Pop-up clinic leads Liberians to the Lord
A temporary clinic in a suburb of Liberian capital Monrovia is bringing people to Christ in the most unexpected ways.
By Tim Allan,
Afrique de l'Ouest
A temporary clinic in a suburb of Liberian capital Monrovia is bringing people to Christ in the most unexpected ways. The clinic, planned by American mission workers, Jen and Bill Nelson, and staffed by SIM UK doctors Ben and Caroline Saunders, sees about 100 patients a week.
Ben, who is sent by Christ Church, Tunbridge Wells, explained: "When we arrived in Liberia the clinic had just set up. The plan was always that it would be used to advertise the new church plant in Boystown, a very poor part of the capital. The people do not have access to any free medical care at all, so the clinic is very much a way to bless them and point them to the church. We’ve set up in what could best be described as a half-built house. There are no doors, no windows and a corrugated iron roof – when it rains, it’s almost impossible to hear what anyone is saying. The patients turn up with all sorts of problems, some which need immediate hospital admission, others which are relatively minor and can be treated with the small range of medicines we have – things like mild malaria or chest infections. We probably admit three or four patients a week and we’ve seen four or five babies with neo-natal sepsis, a serious infection which needs immediate hospital treatment."
At every consultation, Ben and Caroline offer prayer. That is almost always accepted with gratitude and gives Ben and Caroline, who will soon start specialist GP training in the UK, the chance to point the patient to Jesus. Ben, on a short-term elective at the ELWA Hospital, Monrovia before starting to specialise in paediatrics, said: "Most of the people we see are nominal Christians; a few are Muslim, but almost all of them still have very animist beliefs. The prosperity gospel has quite a hold here too, so very few people really understand the gospel. However, they are very open to prayer and believe in the power of prayer. We are able to pray with them and make it clear where we believe true healing comes from."
All the patients are told about the new church plant, which started at the beginning of 2017. The clinic is always followed by a Bible study at which all are welcome. Very much a leap of faith, the plant was set up by Pastor Abel from a church nearer the centre of Monrovia. He has moved his wife and children to Boystown and has sold almost everything the family owns to get the church started. Ben said: "He is a remarkable man, who has demonstrated great faith in setting up this church. They meet in the open air, under a tarpaulin slung between two buildings, but their numbers have been slowly growing. We really hope that people will make the link between the care they receive at the clinic and the church. We try to tell the patients about the church and encourage them to attend."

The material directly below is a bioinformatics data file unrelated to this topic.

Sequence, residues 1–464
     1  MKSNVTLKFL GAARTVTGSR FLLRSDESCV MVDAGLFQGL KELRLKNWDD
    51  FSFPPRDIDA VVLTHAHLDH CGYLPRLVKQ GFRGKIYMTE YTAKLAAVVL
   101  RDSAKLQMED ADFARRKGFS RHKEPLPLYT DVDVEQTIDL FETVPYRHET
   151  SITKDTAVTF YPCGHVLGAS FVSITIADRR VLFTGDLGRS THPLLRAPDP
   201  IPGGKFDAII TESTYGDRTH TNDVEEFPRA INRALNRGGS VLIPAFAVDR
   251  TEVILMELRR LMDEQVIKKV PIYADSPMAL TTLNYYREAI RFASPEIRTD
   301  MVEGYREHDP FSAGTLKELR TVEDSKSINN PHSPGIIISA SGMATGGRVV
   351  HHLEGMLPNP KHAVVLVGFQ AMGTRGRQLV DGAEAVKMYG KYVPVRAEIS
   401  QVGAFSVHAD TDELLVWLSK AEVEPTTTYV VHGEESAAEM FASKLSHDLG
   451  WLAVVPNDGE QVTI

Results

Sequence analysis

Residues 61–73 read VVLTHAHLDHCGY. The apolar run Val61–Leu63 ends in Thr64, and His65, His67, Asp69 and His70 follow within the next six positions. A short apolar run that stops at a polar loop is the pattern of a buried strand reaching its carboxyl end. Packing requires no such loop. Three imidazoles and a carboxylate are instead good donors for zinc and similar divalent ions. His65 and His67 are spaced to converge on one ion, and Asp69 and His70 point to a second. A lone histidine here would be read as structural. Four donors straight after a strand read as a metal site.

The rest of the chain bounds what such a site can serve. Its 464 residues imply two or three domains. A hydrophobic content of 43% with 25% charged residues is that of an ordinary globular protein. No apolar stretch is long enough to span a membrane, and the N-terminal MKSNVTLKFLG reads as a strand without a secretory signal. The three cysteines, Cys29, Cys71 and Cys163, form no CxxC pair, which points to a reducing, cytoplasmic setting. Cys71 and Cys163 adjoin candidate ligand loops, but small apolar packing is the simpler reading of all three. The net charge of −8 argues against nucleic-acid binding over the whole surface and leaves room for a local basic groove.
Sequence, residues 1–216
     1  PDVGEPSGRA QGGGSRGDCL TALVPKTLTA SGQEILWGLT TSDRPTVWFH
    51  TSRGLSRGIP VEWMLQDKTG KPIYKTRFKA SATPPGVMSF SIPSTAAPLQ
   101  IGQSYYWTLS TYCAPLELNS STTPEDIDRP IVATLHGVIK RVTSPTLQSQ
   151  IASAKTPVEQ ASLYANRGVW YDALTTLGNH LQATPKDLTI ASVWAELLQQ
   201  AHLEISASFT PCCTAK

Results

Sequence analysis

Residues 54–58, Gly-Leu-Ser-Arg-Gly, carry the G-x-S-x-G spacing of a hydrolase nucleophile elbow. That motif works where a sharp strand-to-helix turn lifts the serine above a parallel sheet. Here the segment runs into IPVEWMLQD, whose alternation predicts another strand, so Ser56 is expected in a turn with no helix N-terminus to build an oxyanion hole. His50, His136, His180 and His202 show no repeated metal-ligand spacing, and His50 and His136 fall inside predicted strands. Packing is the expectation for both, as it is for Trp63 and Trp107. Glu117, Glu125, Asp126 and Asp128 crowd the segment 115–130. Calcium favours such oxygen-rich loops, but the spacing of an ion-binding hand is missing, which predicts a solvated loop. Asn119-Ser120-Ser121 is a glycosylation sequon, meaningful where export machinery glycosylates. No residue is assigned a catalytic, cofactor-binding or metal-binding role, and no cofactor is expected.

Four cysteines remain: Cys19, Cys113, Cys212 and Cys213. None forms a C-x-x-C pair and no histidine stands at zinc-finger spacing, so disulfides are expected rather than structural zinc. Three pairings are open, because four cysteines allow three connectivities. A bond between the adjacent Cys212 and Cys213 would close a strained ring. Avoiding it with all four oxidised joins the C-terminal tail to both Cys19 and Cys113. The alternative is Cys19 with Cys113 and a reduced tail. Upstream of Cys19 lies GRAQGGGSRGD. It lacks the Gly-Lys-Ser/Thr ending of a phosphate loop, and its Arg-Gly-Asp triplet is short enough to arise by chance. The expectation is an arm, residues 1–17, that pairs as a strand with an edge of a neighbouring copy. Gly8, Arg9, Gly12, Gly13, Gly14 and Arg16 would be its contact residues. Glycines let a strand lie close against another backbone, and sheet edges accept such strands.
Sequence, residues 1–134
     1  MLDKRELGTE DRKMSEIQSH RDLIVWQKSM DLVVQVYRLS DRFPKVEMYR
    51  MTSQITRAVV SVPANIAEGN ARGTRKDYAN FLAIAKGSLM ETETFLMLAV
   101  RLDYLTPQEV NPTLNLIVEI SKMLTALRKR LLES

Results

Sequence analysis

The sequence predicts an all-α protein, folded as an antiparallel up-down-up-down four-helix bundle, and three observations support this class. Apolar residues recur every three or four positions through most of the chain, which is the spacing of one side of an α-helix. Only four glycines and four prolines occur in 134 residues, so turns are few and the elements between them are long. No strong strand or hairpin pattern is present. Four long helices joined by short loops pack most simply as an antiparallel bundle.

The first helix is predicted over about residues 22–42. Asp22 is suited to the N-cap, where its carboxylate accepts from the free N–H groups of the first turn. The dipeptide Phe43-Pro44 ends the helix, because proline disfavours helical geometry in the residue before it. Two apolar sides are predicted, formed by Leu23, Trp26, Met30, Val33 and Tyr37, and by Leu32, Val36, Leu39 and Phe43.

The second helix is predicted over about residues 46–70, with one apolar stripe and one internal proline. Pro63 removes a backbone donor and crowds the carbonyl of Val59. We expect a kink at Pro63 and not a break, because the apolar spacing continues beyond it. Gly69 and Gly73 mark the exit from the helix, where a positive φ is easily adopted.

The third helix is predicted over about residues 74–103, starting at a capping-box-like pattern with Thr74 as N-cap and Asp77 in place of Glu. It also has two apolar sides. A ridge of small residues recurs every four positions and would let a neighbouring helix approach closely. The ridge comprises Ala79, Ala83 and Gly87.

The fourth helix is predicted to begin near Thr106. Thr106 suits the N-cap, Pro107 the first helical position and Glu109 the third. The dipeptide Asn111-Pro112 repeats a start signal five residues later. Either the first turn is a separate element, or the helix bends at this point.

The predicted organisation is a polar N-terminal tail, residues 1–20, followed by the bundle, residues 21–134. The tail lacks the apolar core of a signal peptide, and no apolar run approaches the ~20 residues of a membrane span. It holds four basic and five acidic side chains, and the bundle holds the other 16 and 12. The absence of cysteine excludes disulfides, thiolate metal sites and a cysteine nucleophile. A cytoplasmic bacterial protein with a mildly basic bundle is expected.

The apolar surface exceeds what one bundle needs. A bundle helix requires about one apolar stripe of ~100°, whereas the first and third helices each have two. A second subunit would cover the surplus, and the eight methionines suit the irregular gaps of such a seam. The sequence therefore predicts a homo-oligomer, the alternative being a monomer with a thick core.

Ben and Caroline are running the clinic in their free time and they know it will probably come to an end when they return to the UK. Their great prayer is that the church will continue to grow and flourish, even after the clinic has closed. Ben said: "It’s great knowing God is using us and what we are doing to bring people to him. We are seeing his grace at work every day and we know God is saving souls. It’s amazing.
To see the faith of Liberian Christians has been a huge challenge for us — the way they pray with such great faith and expectant that God will act. It’s so different from the way most British people pray but hugely refreshing. We are so grateful to God that he has been able to use us in this way."
Alfred turned up at the clinic with a growth on his neck and wanted an operation to remove it. Serving In Mission doctor Ben Saunders offered to pray with him. Through the prayers, Ben told Alfred how much Jesus, the true source of all healing, loved him.
Ben referred Alfred to hospital and the growth was removed. Alfred, who is in his 30s, is very grateful; eternally grateful you might say. Ben explained: "Alfred said he had been struck by how kind everyone had been — he said he had never had such kindness from Muslims. He started meeting with Pastor Abel (below centre, with Ben and Caroline left) and was eager to learn more. Even though he cannot read or write, he wanted a Bible. A couple of weeks later he said he wanted to follow Jesus — and he is. He’s going to church regularly."